‘We do stupid things in life’. The newly-elected US Republican Congressman George Santos made this claim after it was discovered that he had lied extensively in his resume, making false claims, such as writing that he graduated from New York University, and worked at the prestigious Goldman Sachs. Is this, as Santo claims, just a ‘poor choice of words’, something to be trivially dismissed so as to allow the important business of Congress to continue, or does this have more serious political, and legal, implications? The House Ethics Committee has come to the conclusion that these lies are a cause for concern, as Santos is currently under investigation. However, there are many politicians, including Santos himself, who argue that this undermines political proceedings over a mere mistake from which we should all move on.
Santos’ reputation is indeed faltering. The line between a small white lie, and a full-blown falsehood has clearly been crossed, as his resume has been revealed to include many false claims. These include that his grandparents fled the Holocaust, and that his mother died as a result of the 9/11 attacks. Neither of these appear to be true. His voters have been misled, and a Newsday and Siena College poll shows that 78% want him to step down, implying that they are indeed feeling a sense of betrayal. This certainly doesn’t suggest that people are ready to move on from his blunders, but instead want to hold him accountable, demonstrating the steadfastness of the political system, although his seat currently remains safe. This sentiment is echoed within Congress, as 10 Republicans have called on him to resign, whilst others are refusing to collaborate with him on legislation and party business. Santos is becoming a liminal figure, clinging on to his desperate desire to fulfil his mandate, but becoming increasingly unable to do so as he is shunned by his colleagues and opponents alike. Even those who endorsed him in his 2022 campaign, including Speaker Kevin McCarthy, have admitted they would not support his re-election, although McCarthy has also acknowledged that no action should be taken unless the House Ethics Committee raises concerns. Not only has Santos undermined political proceedings through his lies, but continues to do so through holding onto his seat, which raises doubts over his position in its entirety. It also means those who voted for him currently have only a limited voice in the legislature, as a result of his limited influence.
However, how much does a resume really impact Santos’ position? He insists that he was elected based on his merits and campaign promises, not because his resume, which voters are highly unlikely to even read, makes false claims. He aims to save the “American Dream” that his Brazilian parents achieved, and argues that he was ‘elected to serve the people of [electoral district] NY03, not the party and politicians’. Santos’ current marred political influence is preventing this mandate from being fulfilled, with his supporters arguing that this should be dealt with by moving on from the incident. Fellow New York Republican representative Marcus Molinaro claims Santos is a ‘bludgeoning tool the Democrats are using without regard for the truth’, and that, instead of focusing on serious political issues, the Democrats are merely targeting the Republicans for Santos’ behaviour, using him as a scapegoat to distract from political debates. He argues that it would be more beneficial for political proceedings to move on, especially since Santos was legally elected, to allow Congress to return to a state of normality and for Santos to regain his political legitimacy.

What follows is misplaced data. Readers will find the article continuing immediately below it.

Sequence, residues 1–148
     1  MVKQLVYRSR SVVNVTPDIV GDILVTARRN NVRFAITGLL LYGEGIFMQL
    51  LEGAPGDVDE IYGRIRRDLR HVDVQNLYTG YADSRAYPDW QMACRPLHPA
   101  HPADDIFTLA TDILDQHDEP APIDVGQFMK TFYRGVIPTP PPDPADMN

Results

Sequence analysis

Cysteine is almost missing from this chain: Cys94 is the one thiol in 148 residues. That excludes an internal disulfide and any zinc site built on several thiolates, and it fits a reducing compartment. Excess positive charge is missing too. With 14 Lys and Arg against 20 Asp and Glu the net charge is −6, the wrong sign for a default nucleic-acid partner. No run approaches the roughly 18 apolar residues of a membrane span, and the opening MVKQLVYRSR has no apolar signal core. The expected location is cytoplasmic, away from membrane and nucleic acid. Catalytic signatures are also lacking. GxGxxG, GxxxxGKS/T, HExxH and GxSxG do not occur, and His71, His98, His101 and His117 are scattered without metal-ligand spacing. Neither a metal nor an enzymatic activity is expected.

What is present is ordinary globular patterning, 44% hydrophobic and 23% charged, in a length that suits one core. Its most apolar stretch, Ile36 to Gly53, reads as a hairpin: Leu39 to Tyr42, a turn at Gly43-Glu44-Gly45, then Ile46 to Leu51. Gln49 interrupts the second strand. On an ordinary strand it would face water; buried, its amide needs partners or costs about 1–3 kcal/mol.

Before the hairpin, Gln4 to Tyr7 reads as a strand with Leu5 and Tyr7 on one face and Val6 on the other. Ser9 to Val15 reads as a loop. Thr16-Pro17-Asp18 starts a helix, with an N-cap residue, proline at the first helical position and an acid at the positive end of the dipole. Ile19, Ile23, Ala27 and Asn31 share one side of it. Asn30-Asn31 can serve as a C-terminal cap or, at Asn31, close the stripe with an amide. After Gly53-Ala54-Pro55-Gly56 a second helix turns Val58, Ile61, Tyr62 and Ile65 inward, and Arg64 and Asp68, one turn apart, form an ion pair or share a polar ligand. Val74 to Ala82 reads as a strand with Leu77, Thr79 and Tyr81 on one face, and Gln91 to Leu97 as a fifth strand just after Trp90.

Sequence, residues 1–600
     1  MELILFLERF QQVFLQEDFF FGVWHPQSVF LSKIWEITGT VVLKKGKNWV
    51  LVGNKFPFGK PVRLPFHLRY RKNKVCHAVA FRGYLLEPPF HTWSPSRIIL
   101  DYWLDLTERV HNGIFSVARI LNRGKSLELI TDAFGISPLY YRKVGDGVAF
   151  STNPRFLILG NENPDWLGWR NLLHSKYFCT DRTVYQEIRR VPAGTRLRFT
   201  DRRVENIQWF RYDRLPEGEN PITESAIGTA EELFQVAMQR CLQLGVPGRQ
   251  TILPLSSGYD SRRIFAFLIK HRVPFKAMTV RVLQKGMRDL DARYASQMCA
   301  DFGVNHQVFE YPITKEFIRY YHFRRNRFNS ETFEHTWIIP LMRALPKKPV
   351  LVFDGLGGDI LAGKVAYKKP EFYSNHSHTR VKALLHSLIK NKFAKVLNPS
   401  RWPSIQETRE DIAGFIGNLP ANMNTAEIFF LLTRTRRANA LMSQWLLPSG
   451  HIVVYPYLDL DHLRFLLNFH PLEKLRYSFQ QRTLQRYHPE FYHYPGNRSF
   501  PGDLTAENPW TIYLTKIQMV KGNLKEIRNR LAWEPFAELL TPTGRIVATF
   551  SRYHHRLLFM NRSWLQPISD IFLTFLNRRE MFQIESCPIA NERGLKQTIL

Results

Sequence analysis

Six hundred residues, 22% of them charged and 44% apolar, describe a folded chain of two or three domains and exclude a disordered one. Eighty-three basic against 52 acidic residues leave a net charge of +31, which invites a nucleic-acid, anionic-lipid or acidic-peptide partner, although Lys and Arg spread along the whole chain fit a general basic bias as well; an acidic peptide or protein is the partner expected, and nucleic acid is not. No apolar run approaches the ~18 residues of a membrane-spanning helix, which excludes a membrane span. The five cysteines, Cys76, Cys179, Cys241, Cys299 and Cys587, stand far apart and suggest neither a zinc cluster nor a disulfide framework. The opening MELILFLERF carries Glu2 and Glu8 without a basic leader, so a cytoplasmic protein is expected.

If only the resume was the only thing preventing Santos from moving on and running for re-election, something which it appears he is interested in trying to do. However, the problems run far deeper, causing the House Ethics Committee to launch an investigation. Santos spent $700,000 on his campaign, well above what his finances could afford, meaning there are concerns as to the sources of this funding. Even more worryingly, there has been an allegation of sexual misconduct filed against him. Although there are debates over whether Santos did indeed break the law in his untruthful resume, as he was elected legally, there is far more certainty over his unlawful behaviour in the past, as he is facing fraud charges following a theft of a chequebook in Brazil, from which he spent at least $700. When seen from this wider perspective, it seems far clearer that Santos’ position is under pressure. Although he argues that he was legally elected and seated without objection, his unlawful behaviour, stemming from multiple sources, suggests a disregard for the law. To have a potential lawbreaker in such a position of power sets a bad example to his voters, undermines the power of legislation, limits political legitimacy, and leads to the question: has he truly learnt his lesson?
As the investigation continues, the outcome remains to be seen. Meanwhile, Santos’ position is – for the moment – secure, although his political influence remains severely damaged. He has few allies, has stepped down from committees, and a bill has now prevented him from profiting from book deals, speeches, and TV appearances. This marginalised figure does not wield the same political influence as his colleagues, and although the legal system is holding fast, as politicians have ensured Santos is held to account, concerns remain. Can the congressman carry out his job effectively due to this undermined legitimacy? For the moment however, his future hangs in the balance, with his fate to be decided by the investigation.